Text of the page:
For every time she shouted “Fire!”
They only answered “Little Liar!”
Let’s imagine that you have a friend who is in hospital and near to death from a road accident. He asks you about his passenger – his beloved wife. In fact she was killed in the accident. You can say one of three things: Your wife is OK; I don’t know how your wife is; Your wife is dead. The doctors assure you that to tell him that his wife is dead will almost certainly bring about his own death. Yet the remaining answers: I don’t know, or, she’s OK involve telling a lie.
Which will you do? And, if you were the dying man, which would you want your visitor to do?
This is the dilemma which St Augustine proposes in his Letter to Consentius. He admits that he is weak and tempted. Yet he resists, and for two reasons: first, that you may not do a wrong in order that good may come; second that, once you go down the path of falsehood, eventually all truth disappears.
In another part of the wood we find the philosopher, Kant. He too believes that lies cannot ever be justified. He holds that any moral principle must be judged by considering what the outcome would be if everyone followed that principle. It is easy to see that a society which accepts lying as moral and usual behaviour would soon collapse.
The classic scholastic argument comes from the Natural Law: the faculty of speech is given us by God in order to convey what is true. To employ that faculty to convey falsehood is an abuse of the nature God has given us, and stands in the way of human flourishing.
No one disputes that cases of great difficulty can arise. The Catechism addresses this by use of “discreet” language. This appears to mean mental reservation. In the example above one might say “Your wife is OK”, but meaning “She is OK because she is dead and, we may hope, on the way to Heaven.” Or one might say “I haven’t spoken to the doctor yet.” Perhaps literally true, but quite consistent with having seen the dead wife.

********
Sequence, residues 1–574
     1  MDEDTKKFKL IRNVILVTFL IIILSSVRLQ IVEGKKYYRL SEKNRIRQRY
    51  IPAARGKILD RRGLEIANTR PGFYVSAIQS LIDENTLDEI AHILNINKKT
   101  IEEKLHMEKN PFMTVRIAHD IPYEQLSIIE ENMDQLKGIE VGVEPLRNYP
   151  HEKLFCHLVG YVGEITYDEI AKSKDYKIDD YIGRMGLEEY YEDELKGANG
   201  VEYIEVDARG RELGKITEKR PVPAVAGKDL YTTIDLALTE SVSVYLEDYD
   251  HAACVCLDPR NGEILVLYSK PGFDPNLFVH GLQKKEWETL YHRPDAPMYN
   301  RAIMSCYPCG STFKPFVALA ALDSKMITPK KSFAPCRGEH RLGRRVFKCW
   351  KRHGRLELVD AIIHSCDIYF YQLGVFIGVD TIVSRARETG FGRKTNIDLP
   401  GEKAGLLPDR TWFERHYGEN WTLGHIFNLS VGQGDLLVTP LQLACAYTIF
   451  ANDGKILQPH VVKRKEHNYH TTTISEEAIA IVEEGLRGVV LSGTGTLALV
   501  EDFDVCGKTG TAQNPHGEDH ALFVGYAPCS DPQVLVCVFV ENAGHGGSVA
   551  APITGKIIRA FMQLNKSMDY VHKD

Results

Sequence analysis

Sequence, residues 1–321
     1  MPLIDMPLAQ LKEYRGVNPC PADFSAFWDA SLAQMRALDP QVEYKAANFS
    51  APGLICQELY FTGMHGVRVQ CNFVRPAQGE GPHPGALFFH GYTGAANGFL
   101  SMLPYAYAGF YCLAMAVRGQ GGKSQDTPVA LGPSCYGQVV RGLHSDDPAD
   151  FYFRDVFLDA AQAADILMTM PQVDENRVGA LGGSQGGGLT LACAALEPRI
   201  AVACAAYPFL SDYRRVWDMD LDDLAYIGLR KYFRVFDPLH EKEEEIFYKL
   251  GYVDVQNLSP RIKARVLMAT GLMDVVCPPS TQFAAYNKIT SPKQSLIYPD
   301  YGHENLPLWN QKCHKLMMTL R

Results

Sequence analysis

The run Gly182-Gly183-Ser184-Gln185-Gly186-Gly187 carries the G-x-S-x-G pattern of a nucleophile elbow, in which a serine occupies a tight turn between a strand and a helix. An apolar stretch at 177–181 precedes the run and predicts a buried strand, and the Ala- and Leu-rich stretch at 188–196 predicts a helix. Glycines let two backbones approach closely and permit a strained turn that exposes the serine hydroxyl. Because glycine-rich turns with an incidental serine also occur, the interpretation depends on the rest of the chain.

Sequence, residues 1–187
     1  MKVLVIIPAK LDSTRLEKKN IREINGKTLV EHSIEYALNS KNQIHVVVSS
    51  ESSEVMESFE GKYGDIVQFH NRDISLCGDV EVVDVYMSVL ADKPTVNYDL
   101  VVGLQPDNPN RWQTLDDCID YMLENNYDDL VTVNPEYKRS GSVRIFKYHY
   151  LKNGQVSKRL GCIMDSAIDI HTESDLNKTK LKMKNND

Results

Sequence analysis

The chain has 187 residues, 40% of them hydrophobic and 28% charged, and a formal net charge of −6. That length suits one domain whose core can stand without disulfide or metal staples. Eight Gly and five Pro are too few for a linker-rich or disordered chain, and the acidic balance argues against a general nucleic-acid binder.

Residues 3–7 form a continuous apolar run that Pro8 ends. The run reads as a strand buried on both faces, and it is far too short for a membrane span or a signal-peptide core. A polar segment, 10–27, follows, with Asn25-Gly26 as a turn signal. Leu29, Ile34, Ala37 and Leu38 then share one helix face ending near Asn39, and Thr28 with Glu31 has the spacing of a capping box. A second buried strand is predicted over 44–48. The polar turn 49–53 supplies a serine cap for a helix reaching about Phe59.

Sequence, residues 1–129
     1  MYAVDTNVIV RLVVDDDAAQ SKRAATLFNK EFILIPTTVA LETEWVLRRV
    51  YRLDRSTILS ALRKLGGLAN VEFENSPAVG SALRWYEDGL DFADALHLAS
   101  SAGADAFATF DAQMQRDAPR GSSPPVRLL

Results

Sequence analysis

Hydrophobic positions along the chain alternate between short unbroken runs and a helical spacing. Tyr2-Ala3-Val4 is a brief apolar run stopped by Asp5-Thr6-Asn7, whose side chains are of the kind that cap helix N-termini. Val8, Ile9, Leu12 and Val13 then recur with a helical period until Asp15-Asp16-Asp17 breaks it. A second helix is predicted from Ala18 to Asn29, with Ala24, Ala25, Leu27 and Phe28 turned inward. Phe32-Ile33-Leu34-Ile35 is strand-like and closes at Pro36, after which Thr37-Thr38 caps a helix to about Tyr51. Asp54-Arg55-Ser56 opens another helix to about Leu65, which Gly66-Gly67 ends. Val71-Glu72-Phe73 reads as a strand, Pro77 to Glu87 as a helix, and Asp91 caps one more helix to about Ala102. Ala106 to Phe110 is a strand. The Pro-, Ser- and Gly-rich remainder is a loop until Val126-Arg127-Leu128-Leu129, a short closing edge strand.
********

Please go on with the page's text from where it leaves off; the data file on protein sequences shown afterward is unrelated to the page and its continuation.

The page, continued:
Many people feel uneasy about this solution. It seems to mean that you can deliberately deceive as long as you avoid a direct falsehood. It looks as if preserving the form of truth matters more than the spirit of truth.
Blaise Pascal made merry of this in his Lettres Provinciales”– a wholesale attack on the Jesuits. For instance the writer is advised that the best authorities say that is the intention that determines the quality of the action. Thus to swear that one has not done something, which in facts one has done, is not a lie if one says, under one’s breath, “not today” or some such.
And we recall that it was the accusation of such mental reservation, as the “Catholic” justification of lying which was eventually to lead to Newman’s Apologia pro Vita Sua.
A more liberal view is to start from the principle that speech is given to us to convey truth to those who are entitled to the truth. Thus the Elizabethan poursuivant who asks if you have a priest hidden about your person is not entitled to the truth and may safely be told a lie.
However this does not cover you friend in hospital. Is he not entitled to the truth? And, following Augustine, what is the logical outcome? Perhaps we should accept that people may tell us lies for our own good. And what happens about lies on wartime. Propaganda, for instance. Harold Nicholson, in the House of Commons, 1938, said “During the (Great) war, we lied damnably.”
Every breach of the truth, whatever casuistry is used to justify it, corrodes the value of truth. One of my great disillusions was President Eisenhower’s direct lie that the U-2 reconnaissance plane, flown by Gary Powers, was not spying over Russian Territory. Krushchev’s subsequent production of both plane and pilot ended my innocent belief that “good guys” didn’t tell lies. That was 52 years ago, and I still don’t trust any politician – from whatever country.
It seems to me that our society is sagging at the seams with lies, deceits, and untrustworthiness of all kinds. What does it say of a society that the phrase “caveat emptor” is needed and used every day? But I wish I could put my hand on my heart and claim that I never spoke a lie. Indeed, that would itself be a lie.
Unless we can be as humanly possible certain of the outcome, lying is always more or less dangerous. The hypothesis seems to be that the husband is dying anyway, which simplifies matters since a lie would merely delay the inevitable and no one can tell whether that would be a good or bad thing; having no wife, I can put myself in the husband’s position only in imagination but can well believe that he might wish to follow his wife as soon as possible, and who can say that he would be wrong?